Chinese Australian entrepreneurs utilise their knowledge of both China and Australia to identify market opportunities. This cross border knowledge became a key reason for their success. These entrepreneurs believe they’ve benefited from China’s growing economic strength and spending power, which they coupled with their knowledge about Australia to identify new opportunities in both countries. The quality of the products and services they offer is another significant factor that contributes to the success of their business. Forming and executing business strategies with knowledge and hard work also played a crucial role.
All businesses examined are primarily integrated in Australian stakeholder networks and supply chains and two thirds (66 percent) of the interviewed entrepreneurs deal mainly with Australian clients. Of the interviewed enterprises, 19 percent deal with clients from China and 14 percent have a client base beyond Australia and China.
The same proportions are reflected when looking at what suppliers these businesses use. Two thirds (65 percent) of the companies have business partners and suppliers in Australia. One quarter (25 percent) use suppliers from both Australia and China. Nine percent rely on suppliers from China, while one percent of businesses find suppliers in other countries.
When asked about the changing dynamics of their business operations in Australia and China over time, the entrepreneurs made a distinct transition from drawing on Chinese resources to build their local position to selling Australian-made products to China.
When first starting their businesses, one in three (32 percent) Chinese Australian entrepreneurs relied on Chinese business partners for transactions, and one in five (22 percent) for funding. Their sourcing from China (14 percent) and export to China (15 percent) were balanced (Figure 1).
On average, after two decades of operation in Australia, these businesses established themselves as bridge builders between Australia and China. Their overall reliance on Chinese partners decreased, dropping from 32 percent reliance to seven percent, and so did their reliance on funding from China, down to 10 percent from 22 percent. The near even balance of import from, and export to, China has now shifted to a five to one ratio in favour of exporting to China (Figure 1).
Interestingly, their businesses shift relies on their strong ties with Chinese suppliers and consumers. Overall, three quarters (75 percent) of the companies interviewed claimed their business remained closely connected with the Chinese market.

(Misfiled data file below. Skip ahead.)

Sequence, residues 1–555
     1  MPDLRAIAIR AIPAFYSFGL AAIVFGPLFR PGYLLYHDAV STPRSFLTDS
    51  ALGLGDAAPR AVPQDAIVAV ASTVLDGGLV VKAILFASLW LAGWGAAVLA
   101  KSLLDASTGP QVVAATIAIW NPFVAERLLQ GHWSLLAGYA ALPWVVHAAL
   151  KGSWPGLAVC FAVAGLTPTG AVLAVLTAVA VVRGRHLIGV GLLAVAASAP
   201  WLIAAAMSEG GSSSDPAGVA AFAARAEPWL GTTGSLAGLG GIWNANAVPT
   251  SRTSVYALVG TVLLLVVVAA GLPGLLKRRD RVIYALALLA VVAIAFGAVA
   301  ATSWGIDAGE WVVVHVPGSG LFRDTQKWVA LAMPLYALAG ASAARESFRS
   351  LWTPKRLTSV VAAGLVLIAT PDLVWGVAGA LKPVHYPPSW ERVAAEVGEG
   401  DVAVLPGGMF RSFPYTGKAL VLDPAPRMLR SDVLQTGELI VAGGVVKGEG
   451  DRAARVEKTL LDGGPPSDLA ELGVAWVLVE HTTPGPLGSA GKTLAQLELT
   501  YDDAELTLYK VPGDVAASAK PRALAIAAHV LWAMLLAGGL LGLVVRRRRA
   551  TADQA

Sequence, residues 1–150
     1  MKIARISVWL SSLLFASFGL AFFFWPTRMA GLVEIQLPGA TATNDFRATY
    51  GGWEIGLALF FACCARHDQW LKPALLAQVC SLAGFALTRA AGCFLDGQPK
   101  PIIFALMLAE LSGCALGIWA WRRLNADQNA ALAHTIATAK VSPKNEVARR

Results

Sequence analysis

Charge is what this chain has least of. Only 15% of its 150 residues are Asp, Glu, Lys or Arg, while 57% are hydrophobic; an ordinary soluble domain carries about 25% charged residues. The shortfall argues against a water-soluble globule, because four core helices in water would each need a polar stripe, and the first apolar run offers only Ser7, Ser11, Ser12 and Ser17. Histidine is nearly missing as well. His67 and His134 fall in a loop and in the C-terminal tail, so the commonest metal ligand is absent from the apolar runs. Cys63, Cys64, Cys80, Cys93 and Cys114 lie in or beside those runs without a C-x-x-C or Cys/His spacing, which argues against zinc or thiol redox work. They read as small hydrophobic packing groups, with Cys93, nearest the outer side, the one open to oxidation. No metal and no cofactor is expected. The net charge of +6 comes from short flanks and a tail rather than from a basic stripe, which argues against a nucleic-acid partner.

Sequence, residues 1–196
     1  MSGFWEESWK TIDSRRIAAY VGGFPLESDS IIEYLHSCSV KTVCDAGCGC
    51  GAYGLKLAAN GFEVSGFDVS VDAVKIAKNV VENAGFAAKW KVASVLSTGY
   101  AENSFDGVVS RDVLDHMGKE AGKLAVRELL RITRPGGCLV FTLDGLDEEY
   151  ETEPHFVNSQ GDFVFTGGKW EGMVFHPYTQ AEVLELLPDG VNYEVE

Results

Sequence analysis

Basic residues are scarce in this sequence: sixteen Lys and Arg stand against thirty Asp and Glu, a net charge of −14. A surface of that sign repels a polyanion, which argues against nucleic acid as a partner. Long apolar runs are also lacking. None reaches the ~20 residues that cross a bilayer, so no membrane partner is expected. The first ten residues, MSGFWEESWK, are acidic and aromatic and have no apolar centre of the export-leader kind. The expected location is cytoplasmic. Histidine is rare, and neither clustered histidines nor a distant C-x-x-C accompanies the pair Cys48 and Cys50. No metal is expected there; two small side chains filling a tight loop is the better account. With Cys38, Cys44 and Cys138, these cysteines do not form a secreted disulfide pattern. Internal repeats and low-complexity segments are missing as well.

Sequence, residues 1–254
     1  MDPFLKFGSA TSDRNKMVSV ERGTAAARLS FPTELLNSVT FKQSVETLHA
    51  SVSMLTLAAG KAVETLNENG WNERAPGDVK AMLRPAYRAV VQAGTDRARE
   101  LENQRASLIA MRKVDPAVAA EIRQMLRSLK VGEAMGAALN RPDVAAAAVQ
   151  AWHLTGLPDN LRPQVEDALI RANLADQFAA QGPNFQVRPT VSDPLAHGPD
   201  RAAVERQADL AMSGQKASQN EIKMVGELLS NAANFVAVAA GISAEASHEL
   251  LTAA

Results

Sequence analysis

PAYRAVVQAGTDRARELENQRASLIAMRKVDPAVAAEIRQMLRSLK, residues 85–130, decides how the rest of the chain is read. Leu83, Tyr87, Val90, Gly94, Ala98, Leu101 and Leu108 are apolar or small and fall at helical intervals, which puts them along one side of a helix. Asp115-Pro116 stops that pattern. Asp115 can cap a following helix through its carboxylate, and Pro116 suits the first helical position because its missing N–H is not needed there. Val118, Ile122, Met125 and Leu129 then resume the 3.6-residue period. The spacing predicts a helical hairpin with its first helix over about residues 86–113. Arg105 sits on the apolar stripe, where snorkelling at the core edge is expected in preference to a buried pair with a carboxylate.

For many newly arrived Chinese Australian entrepreneurs, a reliance on local Chinese ethnic networks was important. This was true for established enterprises also. Three quarters (75 percent) of respondents stated they collaborated with companies with a Chinese background in Australia. These collaborations included support in gaining local market access and supply of products, services and capital.
We found that one in three Chinese Australian entrepreneurs use ethnic business networks to access clients, markets and distribution channels. One in four of these businesses turn to ethnic business networks to source products, services and technology (Figure 2).
These ethnic networks help Chinese Australian entrepreneurs to overcome some of the difficulties that many Australian small and medium enterprises face in getting established as discovered by the Australian Small Business and Family Enterprise Ombudsman’s Small Business Counts report (PDF, 2.6MB). Some of the challenges include reducing information cost, financing risks and identifying business opportunities, and talent for employment.
Among our respondents, 80 percent were engaged in some form of innovation in their business. The different innovations being looked at included bringing new products and services to the market, business model innovation, changes to management and operations and technology upgrades. We also discovered different approaches to innovation that were specific to Chinese Australian businesses.
A number of the businesses interviewed were creating new products specifically for the ethnic Chinese market in Australia. For example, wealth management firms had developed products specifically tailored to Australia-based Chinese clients. Beyond the obvious service delivery by bi-lingual teams and language support, their offering included flexible financial services modelled on Chinese services, and managed with similar compliance and risk control procedures.
We found that 14 percent of businesses surveyed brought innovative technologies from China to their Australian operations. One business we spoke to was a glass manufacturing company that imported equipment from China to produce high-tech glass products which previously had to be imported. Other businesses had installed IoT (Internet of Things) and Artificial Intelligence (AI) solutions that are widely used in China’s warehouse and logistics sector, but were not available in Australia.
This is chapter three of our five chapter report in the new generation of Chinese Australian owned businesses in Australia.
Download the full report (PDF, 2.6MB)